Subitizing Activities for Number Sense

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We all know how important number sense is. It’s the foundation of every other math skill! That’s why I LOVE subitizing activities so much – they help students start to see numbers is new ways and to begin seeing the connections between numbers.

Especially in kindergarten, I like to make subitizing a part of our daily routine, no matter what level my students are at. These are some of my favorite activities to do whole group, in small groups, and as centers!

Quick Look Cards:

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In my class, we do number talks every day. I choose a different set of quick look cards each day. Sometimes we just work on fluency and identifying the number shown, and sometimes we talk about how they see each number, different ways to make the number, how many more is needed to make 10, etc.

Every Friday we do a longer math talk. This is when I show my students one of the subitizing cards (as the year goes on, I make the amount of time they have to look shorter) and I have them think about the number they see. Then i’ll have students talk about the different ways they saw the number – “I saw 3 dots and 4 dots and that is 7” or “I saw 2 empty spaces on the ten frame so I knew it was 8.”

These subitizing quick look cards are included in all of my math units because I think they’re that important!

 

Subitizing Games:

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In this game, students will roll a die. You can use a number die or a dot die (I prefer number dice for this, but I didn’t have one available!). Students will roll the die and cover that space with their counter.

This game is a freebie here.

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In this game, students will draw a domino card and cover the matching number with their counter. This game is also a freebie, and I have included a 0-6 and a 0-12 version.

Subitizing Strips:

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In this activity, students will match subitizing pictures to each number strip. You can focus on all numbers 1-10 or on only a few numbers at a time.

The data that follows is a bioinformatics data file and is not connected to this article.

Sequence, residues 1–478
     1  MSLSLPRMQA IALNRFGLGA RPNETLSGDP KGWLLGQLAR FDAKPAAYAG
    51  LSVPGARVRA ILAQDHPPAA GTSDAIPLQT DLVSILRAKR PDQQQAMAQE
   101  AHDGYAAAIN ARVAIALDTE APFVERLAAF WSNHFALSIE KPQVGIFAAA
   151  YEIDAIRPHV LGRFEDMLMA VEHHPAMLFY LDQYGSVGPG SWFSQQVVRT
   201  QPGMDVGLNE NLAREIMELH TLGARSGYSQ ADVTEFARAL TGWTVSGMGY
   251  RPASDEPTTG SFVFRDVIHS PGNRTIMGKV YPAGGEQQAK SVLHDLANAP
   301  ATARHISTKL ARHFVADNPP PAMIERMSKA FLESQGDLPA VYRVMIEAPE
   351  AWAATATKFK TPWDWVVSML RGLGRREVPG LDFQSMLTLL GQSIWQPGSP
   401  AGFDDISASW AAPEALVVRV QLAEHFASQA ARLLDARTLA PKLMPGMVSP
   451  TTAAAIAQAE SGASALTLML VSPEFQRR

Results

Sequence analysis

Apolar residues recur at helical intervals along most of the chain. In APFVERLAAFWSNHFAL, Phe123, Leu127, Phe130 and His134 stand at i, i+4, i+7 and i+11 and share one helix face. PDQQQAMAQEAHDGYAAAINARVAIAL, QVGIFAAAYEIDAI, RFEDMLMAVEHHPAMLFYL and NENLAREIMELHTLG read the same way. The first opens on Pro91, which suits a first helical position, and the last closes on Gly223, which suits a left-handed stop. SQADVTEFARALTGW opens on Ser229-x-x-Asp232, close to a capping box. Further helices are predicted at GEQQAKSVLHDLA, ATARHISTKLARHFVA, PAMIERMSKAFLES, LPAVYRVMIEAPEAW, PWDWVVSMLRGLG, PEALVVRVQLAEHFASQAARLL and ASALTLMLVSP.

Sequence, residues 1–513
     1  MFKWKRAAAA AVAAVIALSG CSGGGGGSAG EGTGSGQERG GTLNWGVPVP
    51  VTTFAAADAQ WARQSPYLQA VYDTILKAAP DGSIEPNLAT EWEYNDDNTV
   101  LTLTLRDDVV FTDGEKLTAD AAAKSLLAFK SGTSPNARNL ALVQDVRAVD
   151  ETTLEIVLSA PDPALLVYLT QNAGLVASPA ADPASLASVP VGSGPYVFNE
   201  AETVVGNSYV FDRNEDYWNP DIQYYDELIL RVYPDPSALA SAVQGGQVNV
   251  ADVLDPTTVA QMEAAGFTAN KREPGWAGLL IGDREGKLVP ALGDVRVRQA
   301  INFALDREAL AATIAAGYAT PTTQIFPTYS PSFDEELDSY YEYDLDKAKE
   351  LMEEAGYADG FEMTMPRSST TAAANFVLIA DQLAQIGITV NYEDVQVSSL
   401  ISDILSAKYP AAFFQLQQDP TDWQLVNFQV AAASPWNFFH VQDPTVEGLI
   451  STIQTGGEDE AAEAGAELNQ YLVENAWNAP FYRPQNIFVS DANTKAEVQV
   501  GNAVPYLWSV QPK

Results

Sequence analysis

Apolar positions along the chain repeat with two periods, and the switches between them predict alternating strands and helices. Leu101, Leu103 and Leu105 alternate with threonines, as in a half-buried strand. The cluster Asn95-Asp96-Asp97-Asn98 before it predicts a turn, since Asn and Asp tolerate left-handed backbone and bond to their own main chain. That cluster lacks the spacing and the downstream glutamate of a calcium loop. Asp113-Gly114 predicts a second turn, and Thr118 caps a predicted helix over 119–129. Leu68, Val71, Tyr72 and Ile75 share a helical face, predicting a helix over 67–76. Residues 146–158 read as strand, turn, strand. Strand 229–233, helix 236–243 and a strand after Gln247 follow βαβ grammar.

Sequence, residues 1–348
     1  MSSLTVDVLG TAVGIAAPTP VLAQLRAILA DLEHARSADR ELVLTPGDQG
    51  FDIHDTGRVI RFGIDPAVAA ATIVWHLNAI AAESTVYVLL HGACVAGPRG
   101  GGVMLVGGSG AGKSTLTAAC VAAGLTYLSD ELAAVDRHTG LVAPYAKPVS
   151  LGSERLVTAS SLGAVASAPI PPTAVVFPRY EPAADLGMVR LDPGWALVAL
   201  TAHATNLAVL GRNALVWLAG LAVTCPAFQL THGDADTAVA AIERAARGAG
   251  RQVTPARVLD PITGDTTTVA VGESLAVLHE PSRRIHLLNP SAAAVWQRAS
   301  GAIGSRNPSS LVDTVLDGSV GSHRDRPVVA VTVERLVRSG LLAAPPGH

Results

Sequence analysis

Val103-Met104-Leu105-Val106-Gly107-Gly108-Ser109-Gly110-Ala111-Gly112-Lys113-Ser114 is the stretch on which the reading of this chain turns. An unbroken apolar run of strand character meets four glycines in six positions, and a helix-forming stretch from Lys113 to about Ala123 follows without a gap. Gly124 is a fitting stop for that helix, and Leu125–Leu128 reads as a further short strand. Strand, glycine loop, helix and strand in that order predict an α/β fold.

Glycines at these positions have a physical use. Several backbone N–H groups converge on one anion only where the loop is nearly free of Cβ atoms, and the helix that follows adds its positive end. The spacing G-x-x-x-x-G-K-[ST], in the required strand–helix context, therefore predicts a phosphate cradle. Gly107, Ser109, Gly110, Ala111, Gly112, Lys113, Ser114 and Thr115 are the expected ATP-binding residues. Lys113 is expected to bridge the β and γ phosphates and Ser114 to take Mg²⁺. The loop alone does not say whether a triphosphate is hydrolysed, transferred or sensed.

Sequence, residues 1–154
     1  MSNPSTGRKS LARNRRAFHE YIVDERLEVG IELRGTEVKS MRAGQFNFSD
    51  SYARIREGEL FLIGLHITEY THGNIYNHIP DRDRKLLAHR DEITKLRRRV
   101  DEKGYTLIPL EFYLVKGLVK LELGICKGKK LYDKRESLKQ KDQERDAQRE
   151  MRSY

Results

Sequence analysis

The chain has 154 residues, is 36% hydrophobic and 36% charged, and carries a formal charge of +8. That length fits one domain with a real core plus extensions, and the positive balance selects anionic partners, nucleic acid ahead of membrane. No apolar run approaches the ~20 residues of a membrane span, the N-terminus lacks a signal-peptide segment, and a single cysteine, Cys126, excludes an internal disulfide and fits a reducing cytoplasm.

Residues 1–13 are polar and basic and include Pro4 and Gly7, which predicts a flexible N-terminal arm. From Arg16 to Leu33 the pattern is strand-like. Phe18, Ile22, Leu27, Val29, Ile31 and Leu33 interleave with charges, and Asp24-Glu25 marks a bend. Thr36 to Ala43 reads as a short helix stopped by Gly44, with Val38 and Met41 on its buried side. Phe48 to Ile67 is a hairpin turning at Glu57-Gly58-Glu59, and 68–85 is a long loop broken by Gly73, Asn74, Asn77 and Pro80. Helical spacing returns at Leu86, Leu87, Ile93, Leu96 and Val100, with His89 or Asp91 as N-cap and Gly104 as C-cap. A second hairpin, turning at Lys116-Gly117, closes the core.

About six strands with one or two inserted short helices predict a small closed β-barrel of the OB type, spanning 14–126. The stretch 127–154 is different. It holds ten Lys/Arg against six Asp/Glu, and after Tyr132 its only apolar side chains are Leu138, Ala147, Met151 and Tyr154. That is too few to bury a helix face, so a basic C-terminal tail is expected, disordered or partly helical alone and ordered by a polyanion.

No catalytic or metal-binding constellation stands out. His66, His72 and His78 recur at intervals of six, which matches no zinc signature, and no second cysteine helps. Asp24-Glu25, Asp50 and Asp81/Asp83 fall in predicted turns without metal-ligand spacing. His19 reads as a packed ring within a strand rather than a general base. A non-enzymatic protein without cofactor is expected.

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In this activity, students will match number cards to subitizing pictures. This will require them to work with multiple numbers at a time.

You can find both of these activities here.

 I hope you enjoyed these fun subitizing activities and that you’ll consider building some of them in to your math class next year!

Number Bonds for Number Sense

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Honestly, there was a time when I hated number bonds because I didn’t understand them or how to make students understand them. Obviously, I don’t feel that way anymore!

Now I LOVE number bonds because they are such an easy way to expand students’ number sense and help them decompose numbers. This is one of those skills that I cover multiple times a year and build on as our math experience grows.

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This is the anchor chart that I used to introduce number bonds. I also have the exact same thing in a SMART board file so we can practice number bonds digitally.

I did not have the addition and subtraction problems on there the first time I introduced number bonds! Like I said, we revisit this skill multiple times throughout the year, so once I had introduced addition and subtraction, I went back and showed my students how they can turn a number bond into an addition or subtraction problem.

If you want anchor charts you can print off or display on a screen, you can grab them free by clicking on the pictures:

 

This is also when I introduced Turn-Around Facts, which I will show you later on in this post!